Gunner’s Revenge

by James

in Organic Chem Study Tips

When I took sophomore organic chemistry I was kind of a proud and cocky young kid, to be honest.  I thought I was smart enough to just do everything by myself, blow through everything and ace the course. I fancied myself a bit of a Lone Hero. I was going to take the course and show up all those pre-med gunners who talked about orgo like it was the Black Plague. And I was going to do it all by myself.

I wasn’t afraid of organic chemistry because I’d prepped the summer before by doing the problems in the first five chapters of the textbook. So I blew the first midterm out of the water in early October, and watched the students who sat in the front of the class with me freak out like headless chickens and start organizing themselves in study groups. I was quietly satisfied that my little plan was working out nicely. “Poor suckers”, I thought to myself. “They’re screwed.”

In the end it was the gunners who won, not me.

As the semester wore on, while I was working on problems by myself and getting stuck with nobody to turn to, they had at least somebody they could talk to about problems and even teach the material to each other. In contrast, I stubbornly insisted on doing everything myself and not relying on anyone else for help or even feedback. I was my own little island.

When the final exam came, some of the reactants were written down in a format that was unfamiliar to me. Since I was relying on my own methods and never exposed myself to alternative ways of looking at the material, I never fully developed the skill of thinking these things through. I screwed up two major sections of my exam.

I was so pissed. I remember thinking how unfairly difficult the exam was.  Then, as I was getting coffee after the exam, I saw one of the gunners from my class and asked him what he thought about it.

“Not so bad”, he said.

Not so fricking bad? are you out of your mind, you smug little prick”, I thought at the time.

He smoked me.

Unlike me, the gunners weren’t afraid to look stupid by asking questions, were comfortable in giving and receiving help,  and ended up being among the social learners with good outcomes. My mistake was thinking I was a Lone Hero when actually I was just a loner.

The next year at college, I got lucky. A loud and extroverted classmate of mine  essentially grabbed me by the lapels and made me his study partner. We were never best friends. But we had a great working relationship. He got me out of my shell. My grades improved too.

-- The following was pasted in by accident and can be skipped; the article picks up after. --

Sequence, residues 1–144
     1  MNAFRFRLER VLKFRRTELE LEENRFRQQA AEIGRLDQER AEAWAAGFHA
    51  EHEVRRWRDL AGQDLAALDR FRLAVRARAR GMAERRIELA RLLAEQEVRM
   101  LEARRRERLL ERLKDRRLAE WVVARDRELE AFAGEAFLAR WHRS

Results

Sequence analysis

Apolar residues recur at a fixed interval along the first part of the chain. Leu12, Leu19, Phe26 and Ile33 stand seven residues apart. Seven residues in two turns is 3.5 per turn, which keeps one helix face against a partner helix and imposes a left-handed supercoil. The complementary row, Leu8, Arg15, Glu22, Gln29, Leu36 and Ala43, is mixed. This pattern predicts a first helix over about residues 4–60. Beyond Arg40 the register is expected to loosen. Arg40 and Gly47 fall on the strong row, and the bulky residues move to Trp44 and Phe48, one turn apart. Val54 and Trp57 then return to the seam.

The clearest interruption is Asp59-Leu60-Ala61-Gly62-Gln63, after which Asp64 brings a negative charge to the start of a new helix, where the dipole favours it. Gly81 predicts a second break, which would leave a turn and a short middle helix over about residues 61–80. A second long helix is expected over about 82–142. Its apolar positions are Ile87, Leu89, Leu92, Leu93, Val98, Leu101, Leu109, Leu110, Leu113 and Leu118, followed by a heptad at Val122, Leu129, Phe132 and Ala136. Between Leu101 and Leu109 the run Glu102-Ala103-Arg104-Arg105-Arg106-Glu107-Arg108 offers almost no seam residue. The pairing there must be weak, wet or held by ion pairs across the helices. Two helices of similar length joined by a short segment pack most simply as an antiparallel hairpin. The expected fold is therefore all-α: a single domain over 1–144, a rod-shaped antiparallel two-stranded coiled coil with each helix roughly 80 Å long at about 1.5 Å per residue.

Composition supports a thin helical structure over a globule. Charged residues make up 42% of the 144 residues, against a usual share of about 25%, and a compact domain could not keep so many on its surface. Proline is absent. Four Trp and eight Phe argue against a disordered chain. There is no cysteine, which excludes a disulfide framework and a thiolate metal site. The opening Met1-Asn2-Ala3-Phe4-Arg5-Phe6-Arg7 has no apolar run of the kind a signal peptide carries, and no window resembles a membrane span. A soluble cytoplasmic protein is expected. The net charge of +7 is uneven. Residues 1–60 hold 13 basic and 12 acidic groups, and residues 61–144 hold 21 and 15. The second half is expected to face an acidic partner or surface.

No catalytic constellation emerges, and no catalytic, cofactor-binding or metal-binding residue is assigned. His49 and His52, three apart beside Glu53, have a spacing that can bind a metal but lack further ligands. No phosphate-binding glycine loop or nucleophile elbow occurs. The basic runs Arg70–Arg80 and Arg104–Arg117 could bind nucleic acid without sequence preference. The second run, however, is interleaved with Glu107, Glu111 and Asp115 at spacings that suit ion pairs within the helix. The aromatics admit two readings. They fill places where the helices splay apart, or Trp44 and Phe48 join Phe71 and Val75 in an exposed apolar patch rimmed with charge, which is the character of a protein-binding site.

Don’t be an island.

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{ 3 comments… read them below or add one }


well said.

Always ask questions. Always study with a buddy. Never do homework problems with the solution manual open next to you.



Agreed. There is no better way to learn orgo than to have to explain it to somebody else who’s working out a problem. If it is a graded assignment, even better; the other person probably won’t let you off the hook until he is satisfied he has the correct answer.

And if you’re working out problems alone, keep the solutions manual in a different building. Otherwise, there is too much temptation to convince yourself you have something figured out and to look at the answers quickly to verify it. Plenty of times, you’ll be wrong and will have robbed yourself of the important skill of having to figure something out for yourself. This skill is critical for exams, where professors make it their job to throw peculiar things at you.



I’ve been going over as many of the “How to Succeed In Orgo” handouts from professors as I can find on the web, and they pretty much all talk about the evils of checking answers without really understanding how to do the problem.
One really good suggestion for a “study buddy’ I saw was to have someone you can call who has access to the answer book who can give you a broad based hint, without giving away the problem itself.
Good study partners are like pearls – valuable and hard to find.
I’m not sure what to say to people who are having a hard time finding a partner, other than just be aggressive and put yourself out there, and be ruthless with flakes.


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